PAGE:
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Shane Todd’s mysterious death in Singapore: Day one of the inquest

AP Photo/Wong Maye-E
Shane Todd’s parents, Mary and Rick Todd, arrive at the Subordinate Courts on Monday, May 13, 2013, in Singapore.
By Jake Maxwell Watts
SingaporePublished Last updated This article is more than 2 years old.

The inquest into the death of Shane Todd, a 31-year-old American electronics engineer, heard from its first witnesses on Monday May 13. At stake is more than just his family’s peace of mind. Todd, who was found dead in his Singapore apartment on June 24 last year, may have committed suicide; or, as his parents believe, he may have been murdered because he got caught up in a battle (paywall) about whether an advanced semiconductor technology could fall into Chinese hands.

As the inquest continues into its second day, here is a summary of the evidence presented so far.

Evidence for suicide

According to a Singaporean police report, Todd was found hanging from an improvised noose tied over his bathroom door.

  • The court heard that Todd had a long history of depression. In March 2012, he saw a psychiatrist in Singapore, and complained of stress, anxiety and depression. He was prescribed anti-depressants but did not return to the psychiatrist.
  • The state’s counsel said that Todd had accessed several websites on suicide and depression. He searched keywords such as “noose,” “hangman,” “short drop,” and “simple suspension” between March 10 and June 23, the day before his body was found.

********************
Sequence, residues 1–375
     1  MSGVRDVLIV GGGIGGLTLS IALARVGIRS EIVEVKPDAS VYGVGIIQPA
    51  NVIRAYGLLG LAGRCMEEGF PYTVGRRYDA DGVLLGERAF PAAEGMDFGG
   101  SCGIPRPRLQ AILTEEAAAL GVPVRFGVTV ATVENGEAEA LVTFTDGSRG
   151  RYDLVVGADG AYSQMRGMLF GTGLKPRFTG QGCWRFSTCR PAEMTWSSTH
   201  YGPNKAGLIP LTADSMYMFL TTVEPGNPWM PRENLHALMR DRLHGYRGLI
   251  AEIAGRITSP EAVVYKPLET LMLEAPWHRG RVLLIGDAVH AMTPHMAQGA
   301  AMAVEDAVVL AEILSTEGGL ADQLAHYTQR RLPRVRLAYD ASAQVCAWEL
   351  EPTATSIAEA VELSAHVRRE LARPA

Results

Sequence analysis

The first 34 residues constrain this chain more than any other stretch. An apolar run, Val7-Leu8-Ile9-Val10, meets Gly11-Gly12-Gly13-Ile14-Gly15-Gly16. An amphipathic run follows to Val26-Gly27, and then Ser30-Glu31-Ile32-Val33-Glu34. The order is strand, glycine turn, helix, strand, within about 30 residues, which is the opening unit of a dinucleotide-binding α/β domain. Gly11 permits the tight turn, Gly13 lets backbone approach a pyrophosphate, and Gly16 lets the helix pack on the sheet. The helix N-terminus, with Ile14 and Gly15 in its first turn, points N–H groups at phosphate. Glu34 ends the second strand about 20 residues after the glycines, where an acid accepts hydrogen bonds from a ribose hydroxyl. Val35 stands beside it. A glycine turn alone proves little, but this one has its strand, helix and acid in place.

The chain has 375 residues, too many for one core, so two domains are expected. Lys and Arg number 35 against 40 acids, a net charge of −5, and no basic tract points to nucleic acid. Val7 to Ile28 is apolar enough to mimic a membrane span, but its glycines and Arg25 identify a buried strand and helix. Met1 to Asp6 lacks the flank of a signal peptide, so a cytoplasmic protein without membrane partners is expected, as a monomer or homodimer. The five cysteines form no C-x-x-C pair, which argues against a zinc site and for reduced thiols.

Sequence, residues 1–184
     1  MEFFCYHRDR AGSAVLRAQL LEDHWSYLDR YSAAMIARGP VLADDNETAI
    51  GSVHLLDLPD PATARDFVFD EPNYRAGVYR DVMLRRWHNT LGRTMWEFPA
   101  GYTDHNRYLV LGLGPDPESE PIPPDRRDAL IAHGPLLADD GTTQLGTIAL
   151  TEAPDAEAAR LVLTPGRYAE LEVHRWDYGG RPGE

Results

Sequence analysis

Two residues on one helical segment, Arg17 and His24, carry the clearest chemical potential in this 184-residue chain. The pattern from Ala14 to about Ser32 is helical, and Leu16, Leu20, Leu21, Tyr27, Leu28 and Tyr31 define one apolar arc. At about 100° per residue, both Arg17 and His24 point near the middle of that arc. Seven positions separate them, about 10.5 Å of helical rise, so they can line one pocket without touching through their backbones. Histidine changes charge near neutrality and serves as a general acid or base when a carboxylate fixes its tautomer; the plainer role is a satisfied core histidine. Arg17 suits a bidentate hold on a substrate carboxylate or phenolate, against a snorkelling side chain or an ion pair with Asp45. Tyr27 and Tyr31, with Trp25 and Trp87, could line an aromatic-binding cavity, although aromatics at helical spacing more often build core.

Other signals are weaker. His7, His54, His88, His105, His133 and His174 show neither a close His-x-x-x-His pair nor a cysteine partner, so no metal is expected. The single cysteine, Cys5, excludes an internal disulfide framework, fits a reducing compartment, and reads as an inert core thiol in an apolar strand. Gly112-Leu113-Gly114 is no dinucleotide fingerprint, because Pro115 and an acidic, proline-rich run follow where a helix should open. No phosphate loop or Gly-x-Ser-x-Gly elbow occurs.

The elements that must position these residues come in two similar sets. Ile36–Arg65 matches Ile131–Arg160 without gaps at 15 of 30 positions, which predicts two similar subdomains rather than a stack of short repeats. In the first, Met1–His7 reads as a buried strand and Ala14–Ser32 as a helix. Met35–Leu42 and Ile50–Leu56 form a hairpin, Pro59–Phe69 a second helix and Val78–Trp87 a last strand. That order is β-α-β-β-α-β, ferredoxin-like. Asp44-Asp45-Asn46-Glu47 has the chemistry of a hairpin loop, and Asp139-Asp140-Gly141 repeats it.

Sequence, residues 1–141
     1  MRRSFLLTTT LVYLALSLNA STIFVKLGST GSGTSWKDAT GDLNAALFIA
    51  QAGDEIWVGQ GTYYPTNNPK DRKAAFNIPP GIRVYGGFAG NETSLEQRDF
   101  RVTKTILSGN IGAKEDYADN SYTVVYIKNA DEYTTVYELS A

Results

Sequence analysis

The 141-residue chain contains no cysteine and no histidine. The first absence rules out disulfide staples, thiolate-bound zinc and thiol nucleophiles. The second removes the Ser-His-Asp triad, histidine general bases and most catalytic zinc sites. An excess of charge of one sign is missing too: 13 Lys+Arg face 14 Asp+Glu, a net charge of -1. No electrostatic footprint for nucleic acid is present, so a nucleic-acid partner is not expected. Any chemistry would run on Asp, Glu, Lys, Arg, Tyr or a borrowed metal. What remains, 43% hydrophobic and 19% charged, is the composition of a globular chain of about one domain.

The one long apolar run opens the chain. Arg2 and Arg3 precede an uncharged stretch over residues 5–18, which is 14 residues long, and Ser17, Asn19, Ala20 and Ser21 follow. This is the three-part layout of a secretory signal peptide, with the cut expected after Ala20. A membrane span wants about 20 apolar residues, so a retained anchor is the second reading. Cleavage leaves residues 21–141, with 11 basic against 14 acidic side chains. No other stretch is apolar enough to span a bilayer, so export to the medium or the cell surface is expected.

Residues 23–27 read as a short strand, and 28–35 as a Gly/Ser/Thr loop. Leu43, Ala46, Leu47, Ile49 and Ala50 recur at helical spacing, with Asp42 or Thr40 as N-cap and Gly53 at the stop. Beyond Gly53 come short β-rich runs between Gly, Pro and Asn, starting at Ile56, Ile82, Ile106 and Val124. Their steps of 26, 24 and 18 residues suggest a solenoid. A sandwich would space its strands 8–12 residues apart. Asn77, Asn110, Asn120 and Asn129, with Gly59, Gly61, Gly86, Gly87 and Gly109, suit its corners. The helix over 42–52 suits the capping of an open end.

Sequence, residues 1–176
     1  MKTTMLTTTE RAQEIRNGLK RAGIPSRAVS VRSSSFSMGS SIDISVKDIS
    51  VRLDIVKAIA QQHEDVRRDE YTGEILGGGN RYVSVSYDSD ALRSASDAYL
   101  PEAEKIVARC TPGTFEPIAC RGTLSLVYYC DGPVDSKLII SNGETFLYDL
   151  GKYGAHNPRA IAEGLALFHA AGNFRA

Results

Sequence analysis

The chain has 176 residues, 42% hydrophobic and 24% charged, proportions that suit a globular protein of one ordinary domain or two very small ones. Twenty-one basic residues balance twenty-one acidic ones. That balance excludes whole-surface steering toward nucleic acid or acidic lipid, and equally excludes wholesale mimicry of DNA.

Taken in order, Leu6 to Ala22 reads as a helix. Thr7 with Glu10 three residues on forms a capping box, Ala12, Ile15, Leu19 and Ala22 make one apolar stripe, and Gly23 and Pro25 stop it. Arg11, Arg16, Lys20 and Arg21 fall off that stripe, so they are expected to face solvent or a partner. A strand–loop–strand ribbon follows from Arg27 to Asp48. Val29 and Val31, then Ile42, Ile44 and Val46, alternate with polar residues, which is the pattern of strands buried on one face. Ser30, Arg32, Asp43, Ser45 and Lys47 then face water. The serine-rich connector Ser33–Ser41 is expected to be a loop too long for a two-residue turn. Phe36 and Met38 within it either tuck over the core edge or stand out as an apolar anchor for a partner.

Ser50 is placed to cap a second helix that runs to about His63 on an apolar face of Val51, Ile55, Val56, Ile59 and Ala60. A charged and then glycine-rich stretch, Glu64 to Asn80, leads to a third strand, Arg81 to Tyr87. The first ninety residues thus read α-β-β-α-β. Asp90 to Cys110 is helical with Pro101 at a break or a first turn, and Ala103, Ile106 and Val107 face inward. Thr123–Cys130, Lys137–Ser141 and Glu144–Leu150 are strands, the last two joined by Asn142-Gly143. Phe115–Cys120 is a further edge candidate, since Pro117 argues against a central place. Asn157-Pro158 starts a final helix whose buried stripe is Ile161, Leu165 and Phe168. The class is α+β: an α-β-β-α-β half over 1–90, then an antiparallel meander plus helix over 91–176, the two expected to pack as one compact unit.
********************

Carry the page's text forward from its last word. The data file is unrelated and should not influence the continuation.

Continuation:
• Todd wrote suicide notes on his laptop and left a handwritten note with the password before he died. One such letter addressed to “Mom and Dad,” according to state counsel, read: “As you know, I have been going through a difficult time and I am facing problems that I don’t know how to solve. I just know how much of a burden I will be to you in the future so I feel it is better to do this now rather than wait until I have caused more damage.” His parents say that letter did not sound like it was written by their son.
  • One of the policemen who was first on the scene told the inquest that Todd’s apartment showed no signs of being ransacked or searched. “From what I assessed at the scene I did not suspect foul play,” he said.

Evidence against suicide

  • Todd’s girlfriend, Shirley Sarmiento, conceded that he was depressed, but said he “did not display any suicidal tendencies.” He was anxious, and felt “heavy hands coming after him.”
  • Michael Goodwin, Todd’s 46-year-old Canadian neighbour, agreed that Shane was not suicidal. “I don’t believe he was the type of person who would take his own life,” he told the court. “He always seemed an upbeat and positive guy.”

The inquest is expected to hear from over 60 witnesses, including Todd’s parents, over the course of 12 days. The verdict, which by Singaporean law cannot be appealed, is likely by late June.

When Todd’s parents testify, they are expected to point out incongruities between what they saw when they visited his apartment and what police had told them. Evidence is also expected from an expert who analysed an external hard drive they found at the apartment, and from a pathologist who concluded that Todd might have died from an assault and garrotting.

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